Baker v. Drew (INMATE 3)

Filing 29

MEMORANDUM OPINION AND ORDER: 1. Defendant's motion for summary judgment is GRANTED. 2. Baker's complaint is DISMISSED with prejudice due to Baker's failure to properly exhaust his available administrative remedies. A final judgment shall be entered in favor of Defendant. Signed by Honorable Terry F. Moorer on 8/19/2009. (dmn)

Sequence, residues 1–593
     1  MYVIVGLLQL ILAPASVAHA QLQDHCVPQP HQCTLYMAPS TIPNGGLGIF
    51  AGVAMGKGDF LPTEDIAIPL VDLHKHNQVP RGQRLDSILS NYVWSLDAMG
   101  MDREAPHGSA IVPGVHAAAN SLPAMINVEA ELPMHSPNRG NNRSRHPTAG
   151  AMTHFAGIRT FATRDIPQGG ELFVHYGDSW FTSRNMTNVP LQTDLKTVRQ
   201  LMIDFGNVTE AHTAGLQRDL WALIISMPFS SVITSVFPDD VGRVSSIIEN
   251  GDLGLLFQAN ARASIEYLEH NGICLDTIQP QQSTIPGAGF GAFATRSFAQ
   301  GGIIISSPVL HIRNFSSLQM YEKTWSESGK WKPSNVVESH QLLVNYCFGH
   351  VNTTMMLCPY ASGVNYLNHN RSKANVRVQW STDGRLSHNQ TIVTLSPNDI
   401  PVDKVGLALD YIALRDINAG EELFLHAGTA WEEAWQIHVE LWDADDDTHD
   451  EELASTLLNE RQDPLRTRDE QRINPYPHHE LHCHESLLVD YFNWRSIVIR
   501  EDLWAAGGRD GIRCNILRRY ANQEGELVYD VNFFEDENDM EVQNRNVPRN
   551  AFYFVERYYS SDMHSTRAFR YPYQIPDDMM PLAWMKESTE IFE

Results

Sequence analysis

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IN THE DISTRICT COURT OF THE UNITED STATES FOR THE MIDDLE DISTRICT OF ALABAMA NORTHERN DIVISION WILLIAM E. BAKER, JR., Plaintiff, v. DARLENE DREW, Defendant. ) ) ) ) ) ) ) ) ) Civil Action No. 2:07cv622-TFM (WO) MEMORANDUM OPINION AND ORDER I. INTRODUCTION William E. Baker, Jr. ("Baker") has initiated a cause of action construed by this court as an action pursuant to Bivens v. Six Unknown Federal Narcotics Agents, 403 U.S. 388 (1971). (Plaintiff's Complaint - Doc. No. 1.) Baker, a federal inmate at the time of filing, challenges the constitutionality of the dental care treatment provided to him during his incarceration at the Maxwell Federal Prison Camp in Montgomery, Alabama ("FPC Montgomery"). He names Darlene Drew, warden of FPC Montgomery at the time relevant to Baker's claims, as the sole defendant. Baker alleges that Drew ("Defendant") was deliberately indifferent to his medical needs because she failed to assist him in obtaining timely dental treatment for severe tooth pain. He seeks monetary damages and injunctive relief for the alleged violation of his constitutional rights. Defendant filed an answer, a written report, and supporting evidentiary materials addressing Baker's claims. (Defendant's Written Report - Doc. No. 13.) Defendant asserts that Baker failed to properly exhaust his available administrative remedies and that, consequently, his complaint should be dismissed.1 This court provided Baker an opportunity to file a response to the arguments presented by Defendant and Baker has done so. (See Court Order - Doc. No. 14; Plaintiff's Response - Doc. No. 23.) For reasons set forth below, and in accordance with orders entered in this case and governing case law, this court deems it appropriate to treat Defendant's written report as a motion for summary judgment. See Bryant v. Rich, 530 F.3d 1368, 1375 (11th Cir. 2008) (although an exhaustion defense "is not ordinarily the proper subject for a summary judgment [motion,] the defense is appropriate for summary judgment when the evidence demonstrates that administrative remedies "are absolutely time barred or otherwise infeasible"). Thus, this case is pending on Defendant's motion for summary judgment. Upon consideration of this motion, the evidentiary materials filed in support thereof, and Baker's response to the motion, the court concludes that Defendant's motion for summary judgment should be granted. II. STANDARD OF REVIEW "Summary judgment is appropriate `if the pleadings, depositions, answers to interrogatories, and admissions on file, together with the affidavits, if any, show there is no genuine issue as to any material fact and that the moving party is entitled to judgment as a Alternatively, Defendant asserts she is entitled to summary judgment because she was not involved with the dental care treatment decisions about which Baker complains. 2 1 matter of law.'" Greenberg v. BellSouth Telecomm., Inc., 498 F.3d 1258, 1263 (11th Cir. 2007) (citations omitted); Fed.R.Civ.P. 56(c) (summary judgment "should be rendered if the pleadings, the discovery and disclosure materials on file, and any affidavits show that there is no genuine issue as to any material fact and that the movant is entitled to judgment as a matter of law").2 The party moving for summary judgment "always bears the initial responsibility of informing the district court of the basis for its motion, and identifying those portions of the [record, including pleadings, discovery materials and affidavits], which it believes demonstrate the absence of a genuine issue of material fact." Celotex Corp. v. Catrett, 477 U.S. 317, 323 (1986). The movant may meet this burden by presenting evidence indicating there is no dispute of material fact or by showing that the nonmoving party has failed to present evidence in support of some element of its case on which it bears the ultimate burden of proof. Id. at 322-24. When the movant meets the evidentiary burden of demonstrating the absence of any genuine issue of material fact, the burden then shifts to the nonmoving party to establish, with appropriate evidence beyond the pleadings, that a genuine issue material to his case exists. Clark v. Coats & Clark, Inc., 929 F.2d 604, 608 (11th Cir. 1991); Celotex, 477 U.S. at 324; Fed.R.Civ.P. 56(e)(2) ("When a motion for summary judgment is properly made and Effective December 1, 2007, "[t]he language of Rule 56 [was] amended ... to make the rule[] more easily understood and to make style and terminology consistent throughout the rules. These changes ... are stylistic only." Fed.R.Civ.P. 56 Advisory Committee Notes. Thus, although Rule 56 underwent stylistic changes, its substance remains the same and, therefore, all cases citing the prior rule remain equally applicable to the current rule. 3 2 supported, an opposing party may not rely merely on allegations or denials in its own pleading; rather, its response must ... set out specific facts showing a genuine issue for trial."). A genuine issue of material fact exists when the nonmoving party produces evidence that would allow a reasonable fact-finder to return a verdict in its favor. Greenberg, 498 F.3d at 1263. "If the evidence [on which the nonmoving party relies] is merely colorable ... or is not significantly probative ... summary judgment may be granted." Anderson v. Liberty Lobby, Inc., 477 U.S. 242, 249-50 (1986). For summary judgment purposes, only disputes involving material facts are relevant. United States v. One Piece of Real Property Located at 5800 SW 74th Avenue, Miami, Florida, 363 F.3d 1099, 1101 (11th Cir. 2004). What is material is determined by the substantive law applicable to the case. Anderson, 477 U.S. at 248; Lofton v. Secretary of the Department of Children and Family Services, 358 F.3d 804, 809 (11th Cir. 2004). To demonstrate a genuine issue of material fact, the party opposing summary judgment "must do more than simply show that there is some metaphysical doubt as to the material facts.... Where the record taken as a whole could not lead a rational trier of fact to find for the nonmoving party, there is no `genuine issue for trial.'" Matsushita Elec. Indus. Co. v. Zenith Radio Corp., 475 U.S. 574, 587 (1986). Although factual inferences must be viewed in a light most favorable to the nonmoving party and pro se complaints are entitled to liberal interpretation by the courts, a pro se litigant does not escape the burden of establishing by sufficient evidence a genuine 4 issue of material fact. Beard, 548 U.S. at 525; Brown v. Crawford, 906 F.2d 667, 670 (11th Cir. 1990). A party's pro se status alone does not mandate this court's disregard of elementary principles of production and proof in a civil case III. DISCUSSION As noted above, Baker challenges the constitutionality of the dental care treatment provided to him at FPC Montgomery. Defendant answers that this case should be dismissed because Baker failed to properly exhaust his available administrative remedies as required by the Prison Litigation Reform Act ("PLRA"), 42 U.S.C. 1997e(a).3 Under the PLRA, a federal prisoner cannot bring a Bivens action until he has exhausted his available administrative remedies. 42 U.S.C. 1997e(a); Alexander v. Hawk, 159 F.3d 1321, 1323-24 (11th Cir. 1998) (applying the PLRA's exhaustion requirement to Bivens claims). See Porter v. Nussle, 534 U.S. 516, 524 (2002) ([F]ederal prisoners suing under Bivens ... must first exhaust inmate grievance procedures just as state prisoners must exhaust administrative processes prior to instituting a [42 U.S.C.] 1983 suit."). "Congress has provided in 1997(e)(a) that an inmate must exhaust irrespective of the forms of relief Section 1997e(a) of the PLRA mandates that "no action shall be brought" by a prisoner under any federal law until the prisoner has exhausted all "administrative remedies as are available," as follows: No action shall be brought with respect to prison conditions under section 1983 of this title, or any other Federal law, by a prisoner confined in any jail, prison or other correctional facility until such administrative remedies as are available are exhausted. 42 U.S.C. 1997e(a) (emphasis added). 5 3 sought and offered through administrative remedies." Booth v. Churner, 532 U.S. 731, 741 n.6 (2001). "[T]he PLRA's exhaustion requirement applies to all inmate suits about prison life, whether they involve general circumstances or particular episodes, and whether they allege excessive force or some other wrong." Porter, 534 U.S. at 532. Exhaustion of all available administrative remedies is a precondition to prisoner litigation, and a federal court cannot waive the exhaustion requirement. Booth, 532 U.S. at 741; Alexander, 159 F.3d at 1325. Moreover, "the PLRA exhaustion requirement requires proper exhaustion." Woodford v. Ngo, 548 U.S. 81, 93 (2006). "Proper exhaustion demands compliance with an agency's deadlines and other critical procedural rules [as a precondition to filing suit in federal court] because no adjudicative system can function effectively without imposing some orderly structure on the courts of its proceedings.... Construing 1997e(a) to require proper exhaustion ... fits with the general scheme of the PLRA, whereas [a contrary] interpretation [allowing an inmate to bring suit in federal court once administrative remedies are no longer available] would turn that provision into a largely useless appendage." 548 U.S. at 90-91, 93. Because proper exhaustion of administrative remedies is necessary, an inmate cannot "satisfy the Prison Litigation Reform Act's exhaustion requirement ... by filing an untimely or otherwise procedurally defective administrative grievance or appeal[,]" or by effectively bypassing the administrative process simply by waiting until the grievance procedure is no longer available to him. 548 U.S. at 83-84; see Johnson v. Meadows, 418 6 F.3d 1152, 1157 (11th Cir. 2005). The Federal Bureau of Prisons ("BOP") has established regulations setting forth the procedures a prisoner must follow before seeking relief from a district court. Gonzalez v. United States, 959 F.2d 211, 212 (11th Cir. 1992); see 28 C.F.R. 542.10 et seq. According to these regulations, which provide a three-tiered review process, an inmate seeking redress must first file a grievance with the warden of the facility where he is housed, describing his complaint as well as his requested remedy; the warden then has 20 days to respond. 28 C.F.R. 542.11(4) and 542.15. (See Supplement to Defendant's Written Report: Declaration of Terry A. Collins - Doc. No. 16, Attach. 4 at 1.) If the inmate is dissatisfied with the warden's response, he has 20 days to file an appeal with the Regional Director of the region in which he is housed. 28 C.F.R. 542.15(a). (See Doc. No. 16, Attach. 4 at 12.) Finally, if the inmate is not satisfied with the Regional Director's response, he has 30 days to file an appeal with the General Counsel for the BOP. 28 C.F.R. 542.15(a). (See Doc. No. 16, Attach. 4 at 2.) A decision by the BOP is not final until relief has been denied at the national level. (Doc. No. 16, Attach. 4 at 3.) The evidence before this court reveals that Baker initiated the administrative review process in his case on September 13, 2006, when he filed a grievance concerning his dental treatment with FPC Montgomery's warden (Defendant in this case). (Doc. No. 16, Attach. 4 at 3; see also Doc. No. 16, Attach. 4- Exh. A.) On October 2, 2006, the warden submitted a written response to Baker denying his request for immediate dental procedures and 7 advising him to report to sick bay if was experiencing pain in his teeth. (Id.) Baker was also advised that he had 20 days to appeal the warden's decision to the Regional Director. (Id.) On October 25, 2006, the Regional Director received Baker's appeal of the warden's decision. (Id.) However, Baker's appeal was rejected as untimely filed beyond the 20-day limit. (Id.) Baker was also advised to provide staff verification that the late filing was not his fault. (Id.) He failed to provide such verification, but instead filed two more appeals with the Regional Director, both of which, like his original appeal, were rejected as untimely.4 (Id.) Thus, Defendant now contends that Baker failed to exhaust his administrative remedies. As the evidentiary materials submitted by Defendant show that Baker did not exhaust his available administrative remedies, Baker is required to produce "sufficient [favorable] evidence" establishing proper exhaustion. See Anderson, 477 U.S. at 249-50; Fed.R.Civ.P. 56(e)(1). Baker avers that he placed his appeal from the warden's decision to the Regional Director in the mailbox at FPC Montgomery on October 18, 2006, four days before its due date of October 22, 2006, and that, accordingly, his appeal to the Regional Director was timely under the "prison mailbox rule." (Plaintiff's Response - Doc. No. 23 at 3-5; Doc. No. 23- Exh. 5.) The prison mailbox rule considers appeals filed by a prisoner filed as of the date the notice of appeal is delivered to "prison authorities for forwarding" to the court. Houston v. Lack, 487 U.S. 266, 270 (1988). However, Baker's attempt to invoke the prison There is no evidence before the court that Baker filed an appeal with the General Counsel for the BOP. 8 4 mailbox rule is unavailing. Here, the Regional Director received Baker's appeal of the warden's decision on October 25, 2006, two days after the 20-day period for appealing had expired. Pursuant to 28 C.F.R. 542.18, "a Request or Appeal is considered filed on the date it is logged into the Administrative Remedy Index as received [for a response on the merits]." 28 C.F.R. 542.18. The BOP defines "filed" within its regulations in an unambiguous manner hence, the prison mailbox rule Baker seeks to invoke is inapplicable. See Longenette v. Krusing, 322 F.3d 758, 764-65 (3rd Cir. 2003) (noting that, when "filed" is not clearly defined, a mailing is considered filed when an individual places the document in the mail; however, when "filed" is clearly defined, a document is not considered filed until it satisfies the given definition); Williams v. Burgos, 2007 WL 2331974, Civil Action No. CV206-104 (S.D. Ga. Aug. 13, 2007) (unpublished; citing Longenette). Furthermore, the prison mailbox rule does not apply outside the context of court filings. See Garvey v. Vaughn, 993 F.2d 776, 782 n.15 (11th Cir. 1993). Since Baker's appeal was not to a federal court, but rather to an administrative body, he is not entitled to the benefit of the prisoner mailbox rule. Finally, courts have adopted a general rule that administrative decisions should not be "toppled over" by the courts "unless the administrative body not only has erred, but has erred against objection made at the time appropriate under its practice." Woodford, supra, 548 U.S. at 90 (quoting United States v. L.A. Tucker Truck Lines, 344 U.S. 33, 37 (1952)). The evidence before the court indicates that when Baker's appeal to the Regional Director was rejected 9 as untimely, he was advised at that time to provide staff verification that the late filing was not his fault. See 28 C.F.R. 542.14(b) and 542.15(a). Rather than submitting any such verification, Baker chose to file two more appeals, also rejected as untimely. Thus, Baker made no attempt to comply with the requirements of the administrative process that was in place. In sum, even accepting as true Baker's assertion that he placed his appeal to the Regional Director in the mailbox at FPC Montgomery on October 18, 2006, the materials before this court reflect that Baker did not properly exhaust his administrative remedies concerning his claims of inadequate dental care. Baker has thus failed to create a genuine issue of material fact that he exhausted his administrative remedies within the requirements set forth by the BOP. Consequently, he has not overcome the burden applicable to motions for summary judgment, and Defendant's motion for summary judgment is due to be granted. Matsushita, supra. IV. CONCLUSION Accordingly, it is ORDERED as follows: 1. Defendant's motion for summary judgment is GRANTED. 2. Baker's complaint is DISMISSED with prejudice due to Baker's failure to properly exhaust his available administrative remedies. A final judgment shall be entered in favor of Defendant. Done this 19th day of August, 2009. 10 /s/ Terry F. Moorer TERRY F. MOORER UNITED STATES MAGISTRATE JUDGE 11